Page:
Paul invites us to think of what we choose to wear and why? Today is the day to hear a voice telling us to choose the right clothes. Being as Tom Wright had it – Clothes of tender-heartedness, kindness, humbleness, meekness and ready to put up with anything.

All too often we may think of God as remote and mighty, but God is also motherly and very close to us. Let God clothe us in his love and be loving with each other. Whether our experiences of mothering, parenting and caring our something that brings us great thankfulness or where these things bring memories of the toughest of times and unfulfilled hopes. Putting on love ourselves can change things around us.

That is exactly what Jesus did when he came to earth. He put on love. Love as deep as love can be and as sacrificial as love can be. This love works in us and through us if we wear it as well. And as St Paul ended our reading today – And whatever you do, in word or deed, do everything in the name of the Lord Jesus, giving thanks to God the Father through him. Amen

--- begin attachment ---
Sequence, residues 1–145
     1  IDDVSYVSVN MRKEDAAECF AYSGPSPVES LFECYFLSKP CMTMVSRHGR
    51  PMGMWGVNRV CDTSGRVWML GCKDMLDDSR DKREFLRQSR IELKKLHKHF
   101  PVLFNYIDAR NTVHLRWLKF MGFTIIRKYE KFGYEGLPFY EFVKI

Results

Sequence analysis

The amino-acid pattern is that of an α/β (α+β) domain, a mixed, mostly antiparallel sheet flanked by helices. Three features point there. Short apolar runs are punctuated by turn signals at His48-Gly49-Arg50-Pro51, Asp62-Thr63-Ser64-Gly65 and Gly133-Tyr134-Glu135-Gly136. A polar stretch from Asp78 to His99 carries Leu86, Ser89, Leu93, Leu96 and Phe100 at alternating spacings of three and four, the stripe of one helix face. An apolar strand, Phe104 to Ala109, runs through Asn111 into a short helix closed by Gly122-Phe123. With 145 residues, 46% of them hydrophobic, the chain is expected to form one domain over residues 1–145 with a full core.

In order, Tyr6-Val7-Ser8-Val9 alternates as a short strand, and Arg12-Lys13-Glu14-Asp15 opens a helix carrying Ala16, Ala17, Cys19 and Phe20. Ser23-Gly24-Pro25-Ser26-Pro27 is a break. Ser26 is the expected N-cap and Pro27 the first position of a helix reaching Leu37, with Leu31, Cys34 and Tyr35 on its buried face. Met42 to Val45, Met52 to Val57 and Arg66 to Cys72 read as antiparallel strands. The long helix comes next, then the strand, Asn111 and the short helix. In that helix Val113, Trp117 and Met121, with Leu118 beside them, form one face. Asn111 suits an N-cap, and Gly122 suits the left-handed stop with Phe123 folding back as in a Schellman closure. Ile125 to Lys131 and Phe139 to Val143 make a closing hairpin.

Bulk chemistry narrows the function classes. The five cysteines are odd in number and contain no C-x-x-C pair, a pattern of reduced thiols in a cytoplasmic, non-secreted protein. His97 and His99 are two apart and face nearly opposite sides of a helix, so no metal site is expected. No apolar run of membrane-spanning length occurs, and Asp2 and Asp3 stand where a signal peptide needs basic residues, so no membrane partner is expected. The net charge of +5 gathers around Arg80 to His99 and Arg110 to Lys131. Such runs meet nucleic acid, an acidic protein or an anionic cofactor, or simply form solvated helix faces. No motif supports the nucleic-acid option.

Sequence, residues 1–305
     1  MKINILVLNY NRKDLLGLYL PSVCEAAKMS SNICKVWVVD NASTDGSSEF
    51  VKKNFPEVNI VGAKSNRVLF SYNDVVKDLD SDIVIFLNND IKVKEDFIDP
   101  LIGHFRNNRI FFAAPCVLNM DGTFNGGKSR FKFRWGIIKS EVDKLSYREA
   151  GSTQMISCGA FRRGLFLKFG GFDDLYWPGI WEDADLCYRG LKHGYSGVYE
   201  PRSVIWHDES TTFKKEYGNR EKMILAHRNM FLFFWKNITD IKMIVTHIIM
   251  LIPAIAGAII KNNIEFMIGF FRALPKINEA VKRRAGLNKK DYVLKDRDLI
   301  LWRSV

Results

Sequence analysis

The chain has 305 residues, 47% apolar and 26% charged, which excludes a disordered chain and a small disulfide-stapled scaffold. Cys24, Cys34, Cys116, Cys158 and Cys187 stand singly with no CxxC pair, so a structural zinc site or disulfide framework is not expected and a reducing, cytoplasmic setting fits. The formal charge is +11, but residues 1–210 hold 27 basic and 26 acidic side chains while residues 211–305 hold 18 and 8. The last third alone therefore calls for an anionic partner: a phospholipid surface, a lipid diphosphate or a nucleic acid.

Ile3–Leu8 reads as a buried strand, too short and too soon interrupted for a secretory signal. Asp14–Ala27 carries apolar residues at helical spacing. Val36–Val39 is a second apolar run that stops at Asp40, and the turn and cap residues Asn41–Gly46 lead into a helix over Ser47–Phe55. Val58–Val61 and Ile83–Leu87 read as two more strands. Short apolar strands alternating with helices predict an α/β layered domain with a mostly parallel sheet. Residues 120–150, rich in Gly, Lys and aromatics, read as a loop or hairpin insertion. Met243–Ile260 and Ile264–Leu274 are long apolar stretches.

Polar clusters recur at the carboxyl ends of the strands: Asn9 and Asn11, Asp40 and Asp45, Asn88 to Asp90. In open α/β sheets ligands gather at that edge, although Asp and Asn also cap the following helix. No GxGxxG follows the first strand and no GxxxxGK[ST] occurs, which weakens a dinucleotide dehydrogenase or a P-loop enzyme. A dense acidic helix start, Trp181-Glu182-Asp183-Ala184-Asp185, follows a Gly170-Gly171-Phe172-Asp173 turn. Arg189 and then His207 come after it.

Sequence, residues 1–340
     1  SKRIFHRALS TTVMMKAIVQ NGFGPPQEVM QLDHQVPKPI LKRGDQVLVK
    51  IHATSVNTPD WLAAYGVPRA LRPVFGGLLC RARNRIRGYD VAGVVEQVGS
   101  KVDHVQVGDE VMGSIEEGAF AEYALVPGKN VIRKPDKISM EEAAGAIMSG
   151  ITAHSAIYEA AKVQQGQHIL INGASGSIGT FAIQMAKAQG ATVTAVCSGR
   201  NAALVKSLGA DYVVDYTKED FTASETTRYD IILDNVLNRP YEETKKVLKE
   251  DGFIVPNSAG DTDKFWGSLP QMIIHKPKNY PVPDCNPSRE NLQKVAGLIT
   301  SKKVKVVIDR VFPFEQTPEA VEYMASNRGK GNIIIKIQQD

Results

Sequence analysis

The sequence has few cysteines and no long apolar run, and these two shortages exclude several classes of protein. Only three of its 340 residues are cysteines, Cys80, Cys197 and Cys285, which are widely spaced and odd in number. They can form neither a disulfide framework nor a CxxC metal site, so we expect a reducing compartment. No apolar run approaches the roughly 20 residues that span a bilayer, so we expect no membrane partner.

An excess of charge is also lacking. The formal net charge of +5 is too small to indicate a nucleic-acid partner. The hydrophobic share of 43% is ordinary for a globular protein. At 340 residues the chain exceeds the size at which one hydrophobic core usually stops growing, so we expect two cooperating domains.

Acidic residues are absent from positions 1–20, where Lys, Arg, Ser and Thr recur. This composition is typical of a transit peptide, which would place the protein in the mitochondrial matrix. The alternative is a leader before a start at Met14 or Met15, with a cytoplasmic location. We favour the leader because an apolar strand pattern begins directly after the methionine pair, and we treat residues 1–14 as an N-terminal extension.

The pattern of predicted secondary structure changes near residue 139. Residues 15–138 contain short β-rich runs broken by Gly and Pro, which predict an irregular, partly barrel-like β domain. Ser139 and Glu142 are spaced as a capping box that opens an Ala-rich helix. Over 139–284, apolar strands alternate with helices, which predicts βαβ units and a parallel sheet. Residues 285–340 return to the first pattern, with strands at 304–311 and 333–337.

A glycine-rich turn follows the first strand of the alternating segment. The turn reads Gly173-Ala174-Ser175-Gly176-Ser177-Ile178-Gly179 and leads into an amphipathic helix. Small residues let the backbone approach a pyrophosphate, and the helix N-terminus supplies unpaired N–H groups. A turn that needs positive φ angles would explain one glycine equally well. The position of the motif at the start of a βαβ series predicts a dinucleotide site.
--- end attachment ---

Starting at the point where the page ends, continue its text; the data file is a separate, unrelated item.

References:, The New Revised Standard Version of the Bible 1989 ©  1995

Lent 3 – Kindness – Rachel Pengelly

Romans 5:11 and John 4:5-42

May the words of my mouth and meditations of our hearts be acceptable in your sight Amen.

When I went to Secondary school, I was aware of a Latin phrase above the door to the entrance of the school, lots of places and buildings have them. I was aware of it but had no idea what it meant and still to this day I have no idea what it means! A strap line perhaps or some kind of moral guidance that I never tried to investigate. In the Romans passage there is a similar type of phrase. We are ‘justified by faith’.

What does that mean? It sounds very nice, doesn’t it? We are justified by faith and we have peace with God through our lord Jesus Christ.

This motto is central to truth and to our salvation. It is often misunderstood but it is so important to us as Christians.

What is justification? in theology it says ‘the action of declaring or making righteous in the sight of God. We have an echo of Isaiah, in this passage Isaiah says in 27: v5.

“Let them lay claim to My protection; let them make peace with Me–yes, let them make peace with Me.” (NIV)